Christmas Day: The Feast of the Nativity

Printer-friendly version

You can find links to all of the potential readings here. There are three sets, to be used according to the time of the service, but at any service, I don't think I'm presumptuous in thinking that the sermon is going to be about Christmas, the Incarnation, and what it means for us.

Many times in my youth, I heard that Christmas is the time when God bridged the gap between heaven and earth, or between spirit and flesh. But that's not what the Incarnation did for us. Creation did that for us. The Gospel of John makes that very clear: for its author, “the beginning of the Good News” of the Son of God, to borrow Mark's phrase, is in Creation. The Good News begins for John in that moment in the very beginning when “all things came into being through him, and without him not one thing came into being” (John 1:3). The Gospel of John might have more rhetoric of “us vs. them” than any other canonical gospel (it comes of the intensity of persecution the community felt), but it makes very, very clear from its very beginning of its story that the beginning, middle, and end of the story of the world is one of love -- intimate and unwavering love.

[CORRECTION 12-22-05: I removed the paragraph about the word for “love” in John 3:16. It is NOT eros; I was working from memory, and my memory failed me! Many thanks for those who caught the error. But if you look at how the four Greek terms for “love” in Hellenistic literature, I think you'll still find that the terms blur together far more than we often let on. And my main point -- that God has been intimately involved with physical bodies, which he declared to be “very good” in Genesis 1:31, from Creation.]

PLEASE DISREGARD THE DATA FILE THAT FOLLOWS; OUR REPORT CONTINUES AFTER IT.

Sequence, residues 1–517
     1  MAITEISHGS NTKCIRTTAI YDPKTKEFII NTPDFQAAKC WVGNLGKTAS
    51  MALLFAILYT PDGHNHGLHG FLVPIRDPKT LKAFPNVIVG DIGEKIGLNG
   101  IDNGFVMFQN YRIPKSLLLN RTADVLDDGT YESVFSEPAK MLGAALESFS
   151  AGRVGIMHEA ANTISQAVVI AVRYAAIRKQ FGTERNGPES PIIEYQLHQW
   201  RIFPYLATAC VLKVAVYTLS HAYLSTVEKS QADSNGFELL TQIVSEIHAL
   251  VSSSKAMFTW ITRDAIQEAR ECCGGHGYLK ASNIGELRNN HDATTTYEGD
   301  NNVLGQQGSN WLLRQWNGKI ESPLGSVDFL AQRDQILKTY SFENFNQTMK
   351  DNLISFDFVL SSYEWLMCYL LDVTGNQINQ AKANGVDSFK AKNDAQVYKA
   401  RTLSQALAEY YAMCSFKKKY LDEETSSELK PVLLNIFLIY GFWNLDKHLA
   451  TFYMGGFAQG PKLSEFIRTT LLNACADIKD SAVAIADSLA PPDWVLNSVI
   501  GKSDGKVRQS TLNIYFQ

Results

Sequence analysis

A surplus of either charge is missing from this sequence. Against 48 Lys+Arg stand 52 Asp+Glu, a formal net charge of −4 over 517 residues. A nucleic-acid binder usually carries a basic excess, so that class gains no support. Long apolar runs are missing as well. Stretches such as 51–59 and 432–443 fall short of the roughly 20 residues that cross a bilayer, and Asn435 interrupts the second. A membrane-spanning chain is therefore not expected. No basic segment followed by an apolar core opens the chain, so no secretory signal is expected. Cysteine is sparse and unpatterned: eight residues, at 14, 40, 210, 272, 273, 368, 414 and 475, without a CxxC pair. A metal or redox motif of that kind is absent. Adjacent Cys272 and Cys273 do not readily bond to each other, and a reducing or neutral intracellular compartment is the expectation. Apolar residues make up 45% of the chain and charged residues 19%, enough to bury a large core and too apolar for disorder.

So let me tell you what Christmas is NOT about: It is not about a God who can barely stand smelly fleshy people until becoming one. It is not about healing a rift between the spiritual and the physical. Here's what it is about, or the start of it: In the very beginning, John tells us -- before there were any people to need redeeming -- God was present with and active in the world, loving every human being intensely, passionately, faithfully.

As you can guess, my top choice of classic Christmas carol lines to rewrite would be, “Lo, he abhors not the virgin's womb,” which seems to me to say more about how many people think that bodies -- and women's bodies in particular -- are icky than it does about solid biblical theology. That story often told about the physical world being hopeless and at least a little disgusting to God until God hold's God's nose and plunges into humanity is NOT the story of Christmas.

If anything, the story of Christmas has the opposite message. If I had to sum up the Incarnation in a nutshell, I'd say that it means that as Christians, we hold the fullest revelation of God's purposes on earth and of God's very character to be in the flesh-and-blood person of Jesus of Nazareth, whose birth we celebrate in the Feast of the Nativity. Among many, many other things, that means that there is NOTHING intrinsic to human life that God shrinks from.

But is that the meaning of Christmas? I'd say it isn't. It's part of it, but Christmas is much richer than “God loves you, and doesn't think you or your body is icky.” Christmas isn't about bridging the gap between God and humanity, because God has never left us, even when we've naively tried to leave God, and even when our behavior is far from what God is doing on earth. But it is about closing another gap, another kind of transcendence.